A few weeks ago, the Iranian “online revolution” seemed to be doing well. Since the presidential election on June 12, bloggers were culling together Twitter updates, Flickr photos and reports from Iranians on the ground at protests ripping across the country. CNN aired YouTube videos of the violence and Time magazine wrote about an especially moving one. Twitter and Facebook users were changing their avatars to display green colors and ribbons in support of the protestors. “Everything was perfect and one might ask, then, anything [go] wrong? Yes,” said Ali Emami, an Iranian ex-pat, musician and DJ. “Michael Jackson dies.”
Mr. Emami, a former software engineer for CBS Interactive and creator of indie artist social networking site Babulous.com, was speaking at New York Tech Meetup last night at FIT on 27th Street about the political uprising in his home country. “So, well, we couldn’t do anything about that one,” he explained about the King of Pop’s sudden death, which had most Twitterers recalling their favorite Thriller song, rather than passing around links about the ongoing election protests. But, of course, lots of other things went wrong, too, Mr. Emami said.
As The Wall Street Journal reported, the Iranian government created powerful tools to control their citizens’ Internet service, and has been monitoring individual users’ activities. They even shut down protesters’ service.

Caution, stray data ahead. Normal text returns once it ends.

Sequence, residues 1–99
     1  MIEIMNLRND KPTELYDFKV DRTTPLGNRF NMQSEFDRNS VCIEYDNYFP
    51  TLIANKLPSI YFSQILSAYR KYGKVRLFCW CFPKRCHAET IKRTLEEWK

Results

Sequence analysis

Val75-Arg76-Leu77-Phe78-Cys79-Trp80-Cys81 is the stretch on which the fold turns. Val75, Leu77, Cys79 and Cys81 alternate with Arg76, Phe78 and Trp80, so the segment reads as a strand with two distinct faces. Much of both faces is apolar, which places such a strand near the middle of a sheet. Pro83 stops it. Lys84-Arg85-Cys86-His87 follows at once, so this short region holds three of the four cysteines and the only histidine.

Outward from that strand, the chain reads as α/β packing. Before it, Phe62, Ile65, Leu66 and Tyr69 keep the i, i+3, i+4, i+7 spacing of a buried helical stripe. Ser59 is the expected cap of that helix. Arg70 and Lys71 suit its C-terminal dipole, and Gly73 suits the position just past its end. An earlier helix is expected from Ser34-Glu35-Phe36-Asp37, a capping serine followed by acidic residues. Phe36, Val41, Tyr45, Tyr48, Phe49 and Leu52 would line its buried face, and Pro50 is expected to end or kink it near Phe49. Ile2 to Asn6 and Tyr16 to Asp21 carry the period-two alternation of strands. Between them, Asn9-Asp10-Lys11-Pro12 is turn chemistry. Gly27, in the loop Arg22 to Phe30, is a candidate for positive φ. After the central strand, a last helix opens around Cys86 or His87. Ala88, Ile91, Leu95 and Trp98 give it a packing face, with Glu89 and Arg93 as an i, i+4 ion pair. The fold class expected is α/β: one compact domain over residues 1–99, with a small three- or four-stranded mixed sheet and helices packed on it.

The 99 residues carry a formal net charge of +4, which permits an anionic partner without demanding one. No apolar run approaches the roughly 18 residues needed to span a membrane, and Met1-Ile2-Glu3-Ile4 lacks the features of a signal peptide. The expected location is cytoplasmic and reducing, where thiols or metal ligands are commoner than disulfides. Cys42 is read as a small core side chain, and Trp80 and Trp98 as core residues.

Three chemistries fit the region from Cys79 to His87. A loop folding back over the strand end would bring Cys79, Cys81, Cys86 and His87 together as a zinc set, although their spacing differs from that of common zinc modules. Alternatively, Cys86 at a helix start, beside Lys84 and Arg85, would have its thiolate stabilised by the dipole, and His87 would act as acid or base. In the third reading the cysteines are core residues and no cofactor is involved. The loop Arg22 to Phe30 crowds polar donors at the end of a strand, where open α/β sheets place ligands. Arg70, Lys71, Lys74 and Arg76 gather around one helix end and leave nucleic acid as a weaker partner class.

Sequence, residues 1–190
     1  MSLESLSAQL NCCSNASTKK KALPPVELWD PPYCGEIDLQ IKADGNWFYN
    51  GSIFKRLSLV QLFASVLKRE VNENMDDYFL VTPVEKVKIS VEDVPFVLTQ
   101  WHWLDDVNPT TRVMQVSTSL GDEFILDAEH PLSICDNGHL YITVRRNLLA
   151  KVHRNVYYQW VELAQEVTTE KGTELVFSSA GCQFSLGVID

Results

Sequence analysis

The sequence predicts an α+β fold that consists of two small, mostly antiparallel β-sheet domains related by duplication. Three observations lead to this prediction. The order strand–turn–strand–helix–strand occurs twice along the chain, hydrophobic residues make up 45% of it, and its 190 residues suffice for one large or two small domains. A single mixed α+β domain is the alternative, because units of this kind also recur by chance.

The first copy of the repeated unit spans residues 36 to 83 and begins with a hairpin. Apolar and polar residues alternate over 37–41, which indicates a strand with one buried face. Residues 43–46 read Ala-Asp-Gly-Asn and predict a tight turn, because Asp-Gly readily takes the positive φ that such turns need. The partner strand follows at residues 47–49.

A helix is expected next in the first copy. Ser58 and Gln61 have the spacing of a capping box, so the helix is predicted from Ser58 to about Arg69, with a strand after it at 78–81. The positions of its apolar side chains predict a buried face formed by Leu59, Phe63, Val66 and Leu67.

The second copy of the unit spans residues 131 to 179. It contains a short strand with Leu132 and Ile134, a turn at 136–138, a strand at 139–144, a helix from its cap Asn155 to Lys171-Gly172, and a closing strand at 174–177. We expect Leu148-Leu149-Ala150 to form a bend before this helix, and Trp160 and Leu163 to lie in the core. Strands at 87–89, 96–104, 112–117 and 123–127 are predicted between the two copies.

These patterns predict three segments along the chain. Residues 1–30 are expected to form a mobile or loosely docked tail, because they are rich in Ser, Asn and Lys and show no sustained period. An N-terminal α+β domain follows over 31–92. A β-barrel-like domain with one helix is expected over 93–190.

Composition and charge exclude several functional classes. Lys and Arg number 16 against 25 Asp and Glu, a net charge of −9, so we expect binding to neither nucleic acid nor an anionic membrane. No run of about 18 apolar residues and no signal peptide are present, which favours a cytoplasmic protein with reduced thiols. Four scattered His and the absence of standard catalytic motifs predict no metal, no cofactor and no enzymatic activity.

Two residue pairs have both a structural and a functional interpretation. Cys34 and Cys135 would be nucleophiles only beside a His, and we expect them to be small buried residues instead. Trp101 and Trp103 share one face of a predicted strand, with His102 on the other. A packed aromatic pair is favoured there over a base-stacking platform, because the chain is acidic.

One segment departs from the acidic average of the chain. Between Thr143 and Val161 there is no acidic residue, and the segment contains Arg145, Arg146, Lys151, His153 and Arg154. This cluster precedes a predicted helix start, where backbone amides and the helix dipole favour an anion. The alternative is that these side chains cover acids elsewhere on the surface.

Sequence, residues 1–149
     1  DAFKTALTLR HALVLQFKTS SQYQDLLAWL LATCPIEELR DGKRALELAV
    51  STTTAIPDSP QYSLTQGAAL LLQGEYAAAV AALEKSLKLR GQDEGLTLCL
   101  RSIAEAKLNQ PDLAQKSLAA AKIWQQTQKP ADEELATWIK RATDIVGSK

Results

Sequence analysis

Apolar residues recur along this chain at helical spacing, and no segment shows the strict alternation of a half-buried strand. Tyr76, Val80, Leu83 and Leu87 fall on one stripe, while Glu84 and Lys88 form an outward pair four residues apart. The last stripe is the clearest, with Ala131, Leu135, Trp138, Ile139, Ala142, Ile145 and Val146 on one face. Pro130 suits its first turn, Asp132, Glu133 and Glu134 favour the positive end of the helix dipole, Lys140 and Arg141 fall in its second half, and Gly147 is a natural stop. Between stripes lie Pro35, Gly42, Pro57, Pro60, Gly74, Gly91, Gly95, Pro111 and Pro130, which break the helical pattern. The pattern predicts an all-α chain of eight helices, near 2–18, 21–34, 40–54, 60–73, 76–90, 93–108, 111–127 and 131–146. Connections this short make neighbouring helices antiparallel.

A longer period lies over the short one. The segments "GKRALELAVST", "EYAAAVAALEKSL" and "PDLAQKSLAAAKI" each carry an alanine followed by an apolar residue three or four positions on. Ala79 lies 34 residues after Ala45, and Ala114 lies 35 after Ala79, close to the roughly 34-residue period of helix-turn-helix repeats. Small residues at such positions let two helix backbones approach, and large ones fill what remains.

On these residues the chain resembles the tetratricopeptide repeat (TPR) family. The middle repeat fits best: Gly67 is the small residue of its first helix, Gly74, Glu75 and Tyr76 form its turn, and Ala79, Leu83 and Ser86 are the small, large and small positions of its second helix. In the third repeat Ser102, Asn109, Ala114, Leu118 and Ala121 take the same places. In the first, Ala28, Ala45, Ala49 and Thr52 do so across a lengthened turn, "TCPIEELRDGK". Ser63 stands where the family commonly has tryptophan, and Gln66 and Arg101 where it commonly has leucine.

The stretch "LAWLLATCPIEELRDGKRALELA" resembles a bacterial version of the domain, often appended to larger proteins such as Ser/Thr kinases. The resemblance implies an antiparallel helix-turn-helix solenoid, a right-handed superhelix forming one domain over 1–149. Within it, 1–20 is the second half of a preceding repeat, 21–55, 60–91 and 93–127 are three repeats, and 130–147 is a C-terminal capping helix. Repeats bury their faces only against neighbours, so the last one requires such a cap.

Mr. Emami said free Internet access must be considered a human rights issue. “As technologists, we have to think about ways, basically, to create solutions for Internet proliferation and wire tapping,” he said, challenging the room of software coders, entrepreneurs and venture capitalists to join the movement by building new hardware and software to help Iranian protesters.
“We need to change so many things,” Mr. Emami said. “We need to change how we think. I mean, now, in this world, we are not Iran’s issue, or Iranian’s people issue is not just Iran and Sudan, it’s all of us. We live in a world where most of our friends are on Facebook and they belong to every country. Our Facebook friends, we don’t ask them what country they’re from, they’re just our friends.”
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